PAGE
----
Murphy Oil’s roots go back to a lumber and bank business in southern Arkansas and northern Louisiana. The oil division started in 1907, when the first oil production plant was established in the Caddo field in Louisiana, Deming told Arkansas Business in an interview in 2004.
C.H. Murphy Sr., founder of Deming’s company and grandfather, was an intelligent and intelligent man “who had the talent to find and associate with brilliant people,” said Deming.
After the discovery of petroleum in Union County, the commodity became an increasingly important part of Murphy’s overall business. But the oil division remained subordinated to logging operations and the bank until the mid-1930s.
After World War II, Deming’s uncle C.H. Murphy Jr. joined the family business and ultimately oversaw the incorporation of Murphy Corp. in 1950. It was reincorporated in Delaware 14 years later under the name of Murphy Oil Corp.
In the years that followed, the company became an oil and gas power with operations around the world.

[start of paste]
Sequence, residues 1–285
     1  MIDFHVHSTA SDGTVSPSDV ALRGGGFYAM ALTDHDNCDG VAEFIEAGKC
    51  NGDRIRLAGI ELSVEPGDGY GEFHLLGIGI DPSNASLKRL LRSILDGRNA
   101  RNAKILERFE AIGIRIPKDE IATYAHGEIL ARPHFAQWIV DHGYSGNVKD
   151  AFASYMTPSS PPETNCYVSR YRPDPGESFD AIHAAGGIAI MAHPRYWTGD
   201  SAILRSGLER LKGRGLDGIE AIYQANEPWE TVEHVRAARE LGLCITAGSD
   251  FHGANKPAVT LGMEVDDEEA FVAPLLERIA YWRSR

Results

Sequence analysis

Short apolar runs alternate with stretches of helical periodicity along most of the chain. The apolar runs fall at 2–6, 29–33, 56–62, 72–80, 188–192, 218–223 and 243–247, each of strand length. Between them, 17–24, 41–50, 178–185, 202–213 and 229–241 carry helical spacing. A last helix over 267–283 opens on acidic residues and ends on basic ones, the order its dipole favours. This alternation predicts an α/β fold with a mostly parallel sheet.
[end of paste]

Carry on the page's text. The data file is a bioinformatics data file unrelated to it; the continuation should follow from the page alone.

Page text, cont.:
In Arkansas, it is prominent among iconic companies, with Walmart Inc. of Bentonville, Tyson Foods Inc. of Springdale, J.B. Hunt Transport Services Inc. of Lowell in stature and influence. The Murphy family and business leaders are key members of Arkansas’s economic and political community.
Murphy Oil was once one of the country’s largest publicly traded companies according to Fortune magazine, although it fell from the magazine’s 500 list in 2016 after a previous drop in fuel prices.
She created two companies listed on the stock exchange: the timber and commercial real estate company Deltic Timber Corp. El Dorado, which was purchased by Potlatch in 2018; and Murphy USA Inc. of El Dorado, a national chain of gas stations and convenience stores.
Murphy Oil said its headquarters
Calgary, Alberta, Canada, has approximately 110 employees. The company had 882 employees at the end of last year, with operations in North and South America, Southeast Asia, Australia and Mexico.